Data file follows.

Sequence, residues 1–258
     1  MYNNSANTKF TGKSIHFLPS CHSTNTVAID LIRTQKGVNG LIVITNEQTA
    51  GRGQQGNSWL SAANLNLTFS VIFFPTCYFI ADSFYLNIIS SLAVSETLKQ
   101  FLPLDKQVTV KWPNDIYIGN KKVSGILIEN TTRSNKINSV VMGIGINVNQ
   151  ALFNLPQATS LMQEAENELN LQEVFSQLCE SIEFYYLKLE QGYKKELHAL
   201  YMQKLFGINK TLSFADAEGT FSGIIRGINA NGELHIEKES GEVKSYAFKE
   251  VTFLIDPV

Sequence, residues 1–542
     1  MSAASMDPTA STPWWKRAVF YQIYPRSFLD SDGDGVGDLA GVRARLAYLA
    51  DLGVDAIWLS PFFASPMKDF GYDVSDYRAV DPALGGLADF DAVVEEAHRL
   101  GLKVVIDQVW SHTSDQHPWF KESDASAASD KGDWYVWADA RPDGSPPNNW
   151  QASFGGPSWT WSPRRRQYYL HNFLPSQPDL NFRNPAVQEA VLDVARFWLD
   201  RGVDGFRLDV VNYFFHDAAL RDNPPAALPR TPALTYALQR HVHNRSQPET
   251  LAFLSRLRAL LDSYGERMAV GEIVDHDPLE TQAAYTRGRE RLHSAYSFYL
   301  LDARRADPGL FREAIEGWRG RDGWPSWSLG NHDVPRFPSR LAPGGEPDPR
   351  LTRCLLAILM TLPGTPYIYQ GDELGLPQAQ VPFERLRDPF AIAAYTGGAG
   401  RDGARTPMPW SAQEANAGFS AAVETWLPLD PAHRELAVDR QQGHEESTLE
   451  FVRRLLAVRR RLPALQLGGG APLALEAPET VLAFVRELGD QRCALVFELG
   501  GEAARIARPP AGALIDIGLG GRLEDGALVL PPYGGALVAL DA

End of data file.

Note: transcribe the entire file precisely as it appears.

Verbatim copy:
Sequence, residues 1–258
     1  MYNNSANTKF TGKSIHFLPS CHSTNTVAID LIRTQKGVNG LIVITNEQTA
    51  GRGQQGNSWL SAANLNLTFS VIFFPTCYFI ADSFYLNIIS SLAVSETLKQ
   101  FLPLDKQVTV KWPNDIYIGN KKVSGILIEN TTRSNKINSV VMGIGINVNQ
   151  ALFNLPQATS LMQEAENELN LQEVFSQLCE SIEFYYLKLE QGYKKELHAL
   201  YMQKLFGINK TLSFADAEGT FSGIIRGINA NGELHIEKES GEVKSYAFKE
   251  VTFLIDPV

Sequence, residues 1–542
     1  MSAASMDPTA STPWWKRAVF YQIYPRSFLD SDGDGVGDLA GVRARLAYLA
    51  DLGVDAIWLS PFFASPMKDF GYDVSDYRAV DPALGGLADF DAVVEEAHRL
   101  GLKVVIDQVW SHTSDQHPWF KESDASAASD KGDWYVWADA RPDGSPPNNW
   151  QASFGGPSWT WSPRRRQYYL HNFLPSQPDL NFRNPAVQEA VLDVARFWLD
   201  RGVDGFRLDV VNYFFHDAAL RDNPPAALPR TPALTYALQR HVHNRSQPET
   251  LAFLSRLRAL LDSYGERMAV GEIVDHDPLE TQAAYTRGRE RLHSAYSFYL
   301  LDARRADPGL FREAIEGWRG RDGWPSWSLG NHDVPRFPSR LAPGGEPDPR
   351  LTRCLLAILM TLPGTPYIYQ GDELGLPQAQ VPFERLRDPF AIAAYTGGAG
   401  RDGARTPMPW SAQEANAGFS AAVETWLPLD PAHRELAVDR QQGHEESTLE
   451  FVRRLLAVRR RLPALQLGGG APLALEAPET VLAFVRELGD QRCALVFELG
   501  GEAARIARPP AGALIDIGLG GRLEDGALVL PPYGGALVAL DA